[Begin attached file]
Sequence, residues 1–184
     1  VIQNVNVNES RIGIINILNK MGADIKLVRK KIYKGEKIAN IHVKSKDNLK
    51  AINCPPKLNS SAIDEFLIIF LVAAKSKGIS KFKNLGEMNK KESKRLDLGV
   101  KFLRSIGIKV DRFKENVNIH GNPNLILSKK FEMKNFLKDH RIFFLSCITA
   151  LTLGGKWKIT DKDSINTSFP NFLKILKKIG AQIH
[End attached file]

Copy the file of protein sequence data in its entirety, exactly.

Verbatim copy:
Sequence, residues 1–184
     1  VIQNVNVNES RIGIINILNK MGADIKLVRK KIYKGEKIAN IHVKSKDNLK
    51  AINCPPKLNS SAIDEFLIIF LVAAKSKGIS KFKNLGEMNK KESKRLDLGV
   101  KFLRSIGIKV DRFKENVNIH GNPNLILSKK FEMKNFLKDH RIFFLSCITA
   151  LTLGGKWKIT DKDSINTSFP NFLKILKKIG AQIH